The benefits accruing to Israel from this mission were not solely in the field of Jewish immigration to Israel. Rather, the main purpose in return for the assistance given to Kurdish fighters was to gather intelligence, particularly on the Iraqi army.
“Iraq sent to every war against us a division, sometimes two divisions,” says Tsafrir. “Our interest was in an intelligence window, also by way of Kurdish officers who were officers in the Iraqi army. We activated them, also in the area of recruitment of agents, in order to achieve ‘coverage’ of the Iraqi Army.”

 

Read article in full

Joe Schemtob’s story

 

Israeli rabbi wants millions to build community with no Jews

Exclusive to Point of No Return

 An Israeli rabbi is claiming to be Chief Rabbi of a non-existent community and is demanding $10 million to build a mega-synagogue for them.

Israeli Rabbi Daniel Edri, who headed the Haifa Beth Din and has no Kurdish roots, has produced a letter from the Kurdish Ministry of Religious Affairs nominating him as the Chief Rabbi of Kurdistan. But the Ministry itself has claimed that the letter is a forgery.

The forged letter nominating Rabbi Edri as Chief Rabbi of Kurdistan

This month, the rabbi claims to have been in touch with an old Jew in Baghdad called Daoud Benattar who told him that there were ”close to 100 Jews in Baghdad’. Benattar is not known to anyone who is familiar with the few Jews still in Iraq. According to Edwin Shuker, who visits Iraq regularly, there are only four Jews still living there.

Likewise, there are no Jews in Kurdistan, although some Kurds claim distant Jewish ancestry.  The entire community –  some 18,000 Jews –  was airlifted to Israel in 1950.

A non-Jew called Sherzad Mahmoud Mamsani was exposed as an imposter after the Kurdistan Regional government sacked him as head of the Directorate of Jewish Affairs and exiled him. Mamsani’s objective was to raise funds from the Jewish diaspora in order to ‘rebuild’ the Kurdish Jewish community.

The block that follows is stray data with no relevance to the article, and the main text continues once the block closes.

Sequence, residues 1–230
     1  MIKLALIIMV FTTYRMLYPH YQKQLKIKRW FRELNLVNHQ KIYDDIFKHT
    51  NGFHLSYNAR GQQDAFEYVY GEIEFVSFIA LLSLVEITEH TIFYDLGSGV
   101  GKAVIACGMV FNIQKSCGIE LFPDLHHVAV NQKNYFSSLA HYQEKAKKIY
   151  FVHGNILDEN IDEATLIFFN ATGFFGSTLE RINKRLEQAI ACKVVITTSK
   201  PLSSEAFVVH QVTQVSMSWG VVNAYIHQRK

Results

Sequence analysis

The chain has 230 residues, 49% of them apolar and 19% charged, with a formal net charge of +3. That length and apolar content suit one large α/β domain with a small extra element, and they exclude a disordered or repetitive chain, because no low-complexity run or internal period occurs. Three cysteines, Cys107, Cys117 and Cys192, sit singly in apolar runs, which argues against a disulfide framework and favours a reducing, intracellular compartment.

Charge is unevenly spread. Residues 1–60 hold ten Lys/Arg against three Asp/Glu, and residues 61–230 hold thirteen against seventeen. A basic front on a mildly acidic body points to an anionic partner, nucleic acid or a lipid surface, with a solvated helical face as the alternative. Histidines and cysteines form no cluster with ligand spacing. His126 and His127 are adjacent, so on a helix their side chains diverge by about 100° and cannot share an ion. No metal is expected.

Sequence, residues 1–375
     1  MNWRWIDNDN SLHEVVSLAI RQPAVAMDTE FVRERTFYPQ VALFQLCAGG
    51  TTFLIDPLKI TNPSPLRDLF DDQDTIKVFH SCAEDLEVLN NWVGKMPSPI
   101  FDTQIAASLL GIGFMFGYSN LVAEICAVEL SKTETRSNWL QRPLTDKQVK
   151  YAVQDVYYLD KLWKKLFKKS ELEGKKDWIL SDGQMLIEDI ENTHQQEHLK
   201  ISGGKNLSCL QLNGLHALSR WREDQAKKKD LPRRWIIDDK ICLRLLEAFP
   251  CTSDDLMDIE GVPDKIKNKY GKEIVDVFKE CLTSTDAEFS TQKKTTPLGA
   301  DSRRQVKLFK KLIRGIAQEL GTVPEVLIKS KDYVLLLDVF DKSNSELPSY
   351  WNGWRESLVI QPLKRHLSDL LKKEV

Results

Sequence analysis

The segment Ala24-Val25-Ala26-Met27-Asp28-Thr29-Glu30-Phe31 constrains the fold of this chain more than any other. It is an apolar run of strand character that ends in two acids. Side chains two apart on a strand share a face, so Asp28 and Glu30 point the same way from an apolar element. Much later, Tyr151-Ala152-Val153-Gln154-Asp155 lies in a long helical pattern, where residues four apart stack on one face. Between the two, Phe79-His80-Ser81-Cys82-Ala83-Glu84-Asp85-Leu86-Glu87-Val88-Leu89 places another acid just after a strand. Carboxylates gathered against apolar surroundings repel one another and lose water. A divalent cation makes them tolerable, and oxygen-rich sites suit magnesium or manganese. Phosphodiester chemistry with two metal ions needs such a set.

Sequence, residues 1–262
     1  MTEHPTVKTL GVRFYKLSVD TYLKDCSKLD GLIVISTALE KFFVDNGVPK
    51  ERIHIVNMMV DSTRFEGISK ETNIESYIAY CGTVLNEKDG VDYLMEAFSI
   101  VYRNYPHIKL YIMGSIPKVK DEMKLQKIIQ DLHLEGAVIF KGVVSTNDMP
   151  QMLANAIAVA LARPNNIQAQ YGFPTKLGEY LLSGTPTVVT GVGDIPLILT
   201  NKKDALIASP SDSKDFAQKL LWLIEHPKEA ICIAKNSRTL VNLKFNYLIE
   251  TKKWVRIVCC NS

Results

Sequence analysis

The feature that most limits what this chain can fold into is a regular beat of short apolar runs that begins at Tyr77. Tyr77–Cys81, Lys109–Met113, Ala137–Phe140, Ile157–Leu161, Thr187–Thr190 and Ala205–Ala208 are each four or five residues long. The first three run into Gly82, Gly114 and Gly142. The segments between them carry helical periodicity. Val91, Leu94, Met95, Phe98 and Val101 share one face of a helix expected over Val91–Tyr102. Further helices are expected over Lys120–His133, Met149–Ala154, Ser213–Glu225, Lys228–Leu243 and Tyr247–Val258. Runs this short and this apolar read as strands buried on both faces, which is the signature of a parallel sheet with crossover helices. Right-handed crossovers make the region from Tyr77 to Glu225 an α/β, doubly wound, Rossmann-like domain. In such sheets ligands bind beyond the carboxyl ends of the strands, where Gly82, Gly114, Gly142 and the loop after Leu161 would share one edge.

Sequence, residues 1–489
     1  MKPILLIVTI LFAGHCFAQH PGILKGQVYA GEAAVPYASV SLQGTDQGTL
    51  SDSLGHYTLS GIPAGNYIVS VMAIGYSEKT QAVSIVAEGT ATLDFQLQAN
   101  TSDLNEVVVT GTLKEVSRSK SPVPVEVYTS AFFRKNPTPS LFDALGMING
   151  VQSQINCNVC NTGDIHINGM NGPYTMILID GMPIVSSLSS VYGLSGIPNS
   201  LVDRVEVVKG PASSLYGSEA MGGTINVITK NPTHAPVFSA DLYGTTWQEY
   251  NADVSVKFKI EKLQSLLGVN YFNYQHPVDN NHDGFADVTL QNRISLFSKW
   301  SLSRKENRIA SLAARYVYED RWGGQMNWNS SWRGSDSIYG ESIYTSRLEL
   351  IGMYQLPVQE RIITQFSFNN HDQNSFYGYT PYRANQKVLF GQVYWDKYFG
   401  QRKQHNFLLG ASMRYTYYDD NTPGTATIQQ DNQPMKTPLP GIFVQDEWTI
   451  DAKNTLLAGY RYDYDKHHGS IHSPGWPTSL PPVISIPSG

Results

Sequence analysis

Rabbi Edri was first introduced to Sherzad Mamsani in 2017 and has admitted knowing that he was not a Jew.  He is now believed to be working with  one of Sherzad’s acolytes,  Ranjar Cohen. Rabbi Edri has been quoted as saying, ‘Sherzad is out of Kurdistan so we are going ahead without him.’

Despite his name, Cohen is not a Jew either. After failing to  register a synagogue with the Ministry of Religious Affairs,  Ranjar Cohen  registered a non-profit humanitarian organisation named Aramaic Organisation which he promoted as a Jewish congregation. After the imposters were denied entry to the shrine of the Prophet Nahum, they organized a Hanucah ceremony at a hotel instead.

Rabbi Daniel Edri wearing traditional Kurdish headdress

Rabbi Edri ‘supervised’ the  Hanucah menorah lighting ceremony in December 2020. Of  the two founders of the Aramaic Organisation  one is now in jail, convicted of murder.

It is suspicious that in order to achieve his objective of reviving the Kurdish Jewish community, Rabbi Edri seems to have avoided working with the late Dr Moti Zaken, the leading authority on Jews of Kurdistan, who spoke out against any abuses. Rabbi Edri has preferred to use his own dubious Kurdish contacts. In order to minister to the phantom community he purportedly heads, Rabbi Edri would have to register Muslims as Jews.

It appears that the death of Dr Zaken may have left a vacuum which imposters and fraudsters can freely fill.